University of Tasmania
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A comparison of oldgrowth mixed forest with regeneration resulting from logging or wildfire

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posted on 2023-05-26, 19:46 authored by Hickey, J
Up to 194,000 ha, or 20 percent, of Tasmania's wet eucalypt forest is mature mixed forest greater than 110 years old. At least 33 percent of the mixed forest is reserved in the Tasmanian Wilderness World Heritage Area (TVVWHA) or in State and Forest Reserves outside the TWWHA. Almost half the area of mixed forest with a mature myrtle understorey has a eucalypt density of only 5-20 percent which implies that it is in the last successional stage prior to becoming rainforest. A comparison of the floristics of 20-30-year-old silvicultural and wildfire regeneration with oldgrowth mixed forest showed that species richness for all lifeforms other than epiphytic ferns was greater in regenerated forest than in oldgrowth mixed forest. Most of the common species in oldgrowth mixed forest were represented in approximately similar frequencies in silvicultural and wildfire regeneration. The major floristic difference between the two regeneration types was the much lower frequency of epiphytic fern species in silvicultural regeneration. The floristic composition of oldgrowth mixed forest is profoundly influenced by either wildfire or clearfelling and slash burning but the composition of the regeneration is more influenced by environmental variables than by the nature of the disturbance which initiated the regeneration. Comparisons indicated only slight differences in growth and density of tree and tall shrub species between silvicultural and wildfire regeneration. Growth of rainforest tree species in young regenerated stands was very slow due, apparently, to suppression by a dense layer of taller sclerophyllous trees and shrubs. The density of most rainforest tree species was lower in regenerated sites than in oldgrowth mixed forest but there was no significant difference between logged and wildfire sites. The density of common rainforest shrub species was similar in all three site types. Several rainforest species with short seed dispersal distances can regenerate vegetatively after fire. There was no difference between silvicultural and wildfire regeneration in the amount of vegetative regeneration of rainforest canopy species. Basal sprouting of rainforest canopy species occurred in the first year following disturbance but seedlings took several years to become established. No significant differences were found in seedling establishment time of rainforest canopy species. Five woody rainforest species regenerated from soil seed banks and included two species which took more than one year to germinate. The species similarity between oldgrowth mixed forest stands and their soil seed banks was low.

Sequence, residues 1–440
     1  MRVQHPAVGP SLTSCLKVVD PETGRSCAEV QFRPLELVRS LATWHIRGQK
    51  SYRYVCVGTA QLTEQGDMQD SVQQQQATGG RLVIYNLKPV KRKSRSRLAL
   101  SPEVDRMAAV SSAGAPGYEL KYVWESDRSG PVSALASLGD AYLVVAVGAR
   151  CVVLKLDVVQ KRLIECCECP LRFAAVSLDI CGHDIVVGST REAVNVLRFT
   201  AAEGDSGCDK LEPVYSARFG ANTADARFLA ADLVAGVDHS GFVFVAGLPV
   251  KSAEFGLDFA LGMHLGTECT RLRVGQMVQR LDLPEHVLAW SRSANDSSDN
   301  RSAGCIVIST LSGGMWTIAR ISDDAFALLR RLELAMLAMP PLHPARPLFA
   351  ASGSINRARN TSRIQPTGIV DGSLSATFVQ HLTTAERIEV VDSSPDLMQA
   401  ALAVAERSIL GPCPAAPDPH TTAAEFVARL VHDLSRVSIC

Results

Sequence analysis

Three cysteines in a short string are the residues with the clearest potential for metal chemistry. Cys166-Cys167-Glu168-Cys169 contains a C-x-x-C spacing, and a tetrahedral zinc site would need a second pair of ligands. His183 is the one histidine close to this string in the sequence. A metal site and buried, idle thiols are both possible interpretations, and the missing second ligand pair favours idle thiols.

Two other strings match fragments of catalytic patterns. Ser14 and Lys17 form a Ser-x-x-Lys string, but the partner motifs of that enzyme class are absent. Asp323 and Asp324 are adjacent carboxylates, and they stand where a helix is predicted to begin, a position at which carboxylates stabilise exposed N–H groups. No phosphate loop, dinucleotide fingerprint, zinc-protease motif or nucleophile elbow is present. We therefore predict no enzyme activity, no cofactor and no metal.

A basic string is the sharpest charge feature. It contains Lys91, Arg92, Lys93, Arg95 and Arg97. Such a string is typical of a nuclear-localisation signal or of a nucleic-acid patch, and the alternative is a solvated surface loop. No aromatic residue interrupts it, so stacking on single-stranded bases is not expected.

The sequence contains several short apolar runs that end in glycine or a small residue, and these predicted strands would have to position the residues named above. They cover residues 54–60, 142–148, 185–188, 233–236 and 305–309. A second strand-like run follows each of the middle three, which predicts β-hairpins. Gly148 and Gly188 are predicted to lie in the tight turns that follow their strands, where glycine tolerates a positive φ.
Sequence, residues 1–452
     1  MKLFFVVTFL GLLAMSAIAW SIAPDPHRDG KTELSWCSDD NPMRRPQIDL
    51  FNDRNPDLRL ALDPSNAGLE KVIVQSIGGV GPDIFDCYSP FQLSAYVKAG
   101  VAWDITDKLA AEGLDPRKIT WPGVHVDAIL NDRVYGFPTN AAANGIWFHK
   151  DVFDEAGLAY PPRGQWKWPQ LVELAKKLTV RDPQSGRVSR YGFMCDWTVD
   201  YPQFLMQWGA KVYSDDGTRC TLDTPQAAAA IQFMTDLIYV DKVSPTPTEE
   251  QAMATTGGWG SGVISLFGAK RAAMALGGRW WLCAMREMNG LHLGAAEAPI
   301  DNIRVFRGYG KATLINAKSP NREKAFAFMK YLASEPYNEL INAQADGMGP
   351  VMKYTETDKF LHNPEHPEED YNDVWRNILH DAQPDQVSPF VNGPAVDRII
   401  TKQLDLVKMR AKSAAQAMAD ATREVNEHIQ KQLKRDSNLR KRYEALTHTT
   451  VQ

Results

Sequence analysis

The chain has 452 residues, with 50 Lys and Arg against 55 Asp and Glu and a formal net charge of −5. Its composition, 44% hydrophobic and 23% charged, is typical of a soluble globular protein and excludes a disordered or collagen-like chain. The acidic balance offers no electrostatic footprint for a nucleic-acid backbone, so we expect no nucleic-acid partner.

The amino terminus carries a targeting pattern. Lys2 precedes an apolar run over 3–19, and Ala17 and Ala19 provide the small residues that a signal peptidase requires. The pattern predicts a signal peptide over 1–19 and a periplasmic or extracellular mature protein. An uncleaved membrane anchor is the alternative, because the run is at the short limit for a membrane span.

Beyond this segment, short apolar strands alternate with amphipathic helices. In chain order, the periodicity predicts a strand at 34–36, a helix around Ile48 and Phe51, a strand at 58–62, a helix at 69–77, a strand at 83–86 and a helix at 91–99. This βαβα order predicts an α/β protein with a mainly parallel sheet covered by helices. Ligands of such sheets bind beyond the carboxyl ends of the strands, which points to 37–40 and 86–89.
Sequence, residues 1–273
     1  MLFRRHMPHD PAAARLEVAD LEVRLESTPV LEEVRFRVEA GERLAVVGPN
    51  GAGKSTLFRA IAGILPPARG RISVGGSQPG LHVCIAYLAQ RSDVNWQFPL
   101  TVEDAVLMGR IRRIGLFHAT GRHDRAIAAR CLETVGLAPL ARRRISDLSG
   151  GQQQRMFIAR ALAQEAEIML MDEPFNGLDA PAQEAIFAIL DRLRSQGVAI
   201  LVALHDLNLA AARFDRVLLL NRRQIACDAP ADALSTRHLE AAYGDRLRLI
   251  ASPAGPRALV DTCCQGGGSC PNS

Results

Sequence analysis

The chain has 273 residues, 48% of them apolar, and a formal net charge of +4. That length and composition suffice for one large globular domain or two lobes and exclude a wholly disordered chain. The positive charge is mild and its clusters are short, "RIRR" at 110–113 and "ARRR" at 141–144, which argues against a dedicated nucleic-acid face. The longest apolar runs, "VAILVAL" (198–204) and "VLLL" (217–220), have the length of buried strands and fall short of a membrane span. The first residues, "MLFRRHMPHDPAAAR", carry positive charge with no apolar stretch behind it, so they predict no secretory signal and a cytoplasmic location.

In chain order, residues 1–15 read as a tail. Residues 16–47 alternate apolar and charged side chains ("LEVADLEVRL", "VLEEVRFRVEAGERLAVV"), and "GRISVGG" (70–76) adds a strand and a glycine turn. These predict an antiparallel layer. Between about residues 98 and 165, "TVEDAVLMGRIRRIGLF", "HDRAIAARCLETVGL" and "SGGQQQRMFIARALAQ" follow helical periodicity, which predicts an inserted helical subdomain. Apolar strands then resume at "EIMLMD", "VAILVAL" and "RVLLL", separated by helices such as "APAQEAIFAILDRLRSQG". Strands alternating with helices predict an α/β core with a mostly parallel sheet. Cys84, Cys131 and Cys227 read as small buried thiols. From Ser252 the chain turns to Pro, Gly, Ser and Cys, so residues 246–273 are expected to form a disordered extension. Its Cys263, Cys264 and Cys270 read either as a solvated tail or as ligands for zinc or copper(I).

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Copyright 1993 the Author - The University is continuing to endeavour to trace the copyright owner(s) and in the meantime this item has been reproduced here in good faith. We would be pleased to hear from the copyright owner(s). Includes bibliographical references (leaves 133-141). Thesis (M.Sc.)--University of Tasmania, 1994

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